Exposing the One Percent - Occupy Emerges across the U.S.
Exposing the One Percent:
Freeport McMoRan Exploits Workers and the Environment
By Peter Phillips and Kimberly Soeiro
As the Occupy Movement emerges across the US and around the world, a prime example of greed and exploitation is occurring with very little coverage in the global corporate media. Members of the global top one percent are killing striking workers and using raw military power to protect their billions of dollars of annual profits. And the highest levels of US Government encourage and protect the exploiters.
Freeport McMoRan (FCX) is the world’s largest extractor of copper and gold and controls huge deposits in Papua, Indonesia. The Gasberg Mine in Papua employs some 8,000 workers at wages of $1.50 to $3.00 an hour. The workers have been on strike since September of 2011 for an increase in wages. In an attempt to block busloads of replacement workers, several strikers have been killed and several wounded by security forces financed by Freeport. Freeport has offered a 22% increase in wages, but strikers say that is not enough and are demanding an increase to the international standard of $17 – $43 an hour. The dispute over pay has also drawn in local tribesmen, with their own grievances over land rights and pollution, armed with spears and arrows to join Freeport workers blocking the mine’s supply roads for food and fuel this week.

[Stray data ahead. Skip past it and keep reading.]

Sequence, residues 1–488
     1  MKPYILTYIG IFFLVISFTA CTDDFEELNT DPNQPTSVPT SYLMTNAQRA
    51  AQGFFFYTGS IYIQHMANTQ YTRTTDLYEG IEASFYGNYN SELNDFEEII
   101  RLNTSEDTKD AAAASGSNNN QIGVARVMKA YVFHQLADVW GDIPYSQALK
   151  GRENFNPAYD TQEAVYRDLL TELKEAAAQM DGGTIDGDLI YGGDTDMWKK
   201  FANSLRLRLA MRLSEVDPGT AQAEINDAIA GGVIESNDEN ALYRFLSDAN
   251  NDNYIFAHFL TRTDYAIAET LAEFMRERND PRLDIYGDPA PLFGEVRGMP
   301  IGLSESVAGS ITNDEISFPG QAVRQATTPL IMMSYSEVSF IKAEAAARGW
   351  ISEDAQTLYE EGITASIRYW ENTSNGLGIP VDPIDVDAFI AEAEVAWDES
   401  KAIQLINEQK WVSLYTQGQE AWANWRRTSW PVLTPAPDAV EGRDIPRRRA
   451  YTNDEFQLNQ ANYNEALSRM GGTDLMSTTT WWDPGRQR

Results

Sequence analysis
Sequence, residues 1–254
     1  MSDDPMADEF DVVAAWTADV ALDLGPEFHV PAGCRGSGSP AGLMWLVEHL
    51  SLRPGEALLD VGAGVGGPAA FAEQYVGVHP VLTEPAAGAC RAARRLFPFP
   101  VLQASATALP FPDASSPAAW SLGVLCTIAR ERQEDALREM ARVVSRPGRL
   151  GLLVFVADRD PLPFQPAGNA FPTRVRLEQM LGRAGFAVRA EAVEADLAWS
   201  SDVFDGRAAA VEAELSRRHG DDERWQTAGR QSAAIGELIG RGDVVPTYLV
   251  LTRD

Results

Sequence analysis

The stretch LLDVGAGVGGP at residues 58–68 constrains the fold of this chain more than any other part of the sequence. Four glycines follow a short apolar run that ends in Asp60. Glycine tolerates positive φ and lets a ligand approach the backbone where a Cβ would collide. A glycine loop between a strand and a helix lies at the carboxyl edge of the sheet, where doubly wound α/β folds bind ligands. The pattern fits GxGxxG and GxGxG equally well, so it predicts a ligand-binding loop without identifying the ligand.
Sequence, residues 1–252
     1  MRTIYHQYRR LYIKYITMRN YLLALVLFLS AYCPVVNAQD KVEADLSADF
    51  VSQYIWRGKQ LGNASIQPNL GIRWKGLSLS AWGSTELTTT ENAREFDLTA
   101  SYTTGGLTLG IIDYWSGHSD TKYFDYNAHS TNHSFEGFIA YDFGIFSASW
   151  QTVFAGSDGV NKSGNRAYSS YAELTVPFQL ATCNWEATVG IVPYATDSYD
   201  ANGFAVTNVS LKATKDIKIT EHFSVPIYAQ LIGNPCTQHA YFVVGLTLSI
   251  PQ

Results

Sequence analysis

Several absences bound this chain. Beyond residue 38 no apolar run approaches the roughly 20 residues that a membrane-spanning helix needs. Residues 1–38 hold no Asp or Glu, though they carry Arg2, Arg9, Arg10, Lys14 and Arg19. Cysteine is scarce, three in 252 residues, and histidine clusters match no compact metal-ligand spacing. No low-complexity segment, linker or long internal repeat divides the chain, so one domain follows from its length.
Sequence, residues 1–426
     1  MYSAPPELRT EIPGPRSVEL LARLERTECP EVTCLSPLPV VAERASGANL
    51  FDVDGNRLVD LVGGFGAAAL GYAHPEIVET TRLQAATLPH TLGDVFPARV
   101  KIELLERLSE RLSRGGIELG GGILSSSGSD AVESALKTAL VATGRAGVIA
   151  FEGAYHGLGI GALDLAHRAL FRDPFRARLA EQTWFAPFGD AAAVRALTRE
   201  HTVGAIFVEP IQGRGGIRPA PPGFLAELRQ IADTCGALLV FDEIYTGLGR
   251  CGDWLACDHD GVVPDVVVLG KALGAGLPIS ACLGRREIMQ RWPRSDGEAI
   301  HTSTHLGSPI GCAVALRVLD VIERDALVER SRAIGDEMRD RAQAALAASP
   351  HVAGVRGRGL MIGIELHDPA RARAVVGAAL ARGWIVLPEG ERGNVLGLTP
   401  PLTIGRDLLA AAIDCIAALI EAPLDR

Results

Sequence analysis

The Jakarta Globe reported October 28, 2011, that Indonesian security forces in West Papua, notably the police, continue to receive extensive direct payments of cash from Freeport McMoRan.
National Police chief Timur Pradopo admitted on October 28 that officers had received close to $10 million annually from Freeport. Prominent Indonesian NGO Imparsial puts the annual figure at $14 million. Pradopa described the millions of dollars in additional payments made to the police by Freeport as “lunch money” (Jakarta Globe, 2011). The payments recall even larger payments made by Freeport to Indonesian military forces over the years which, once revealed, prompted a US Security and Exchange Commission investigation of Freeport and questions as to Freeport’s liability under the US law (the Foreign Corrupt Practices Act). Since 1991 Freeport has paid nearly $13 billion to the Indonesian government at a 1.5% royalty rate and remains one of Indonesia’s largest sources of income.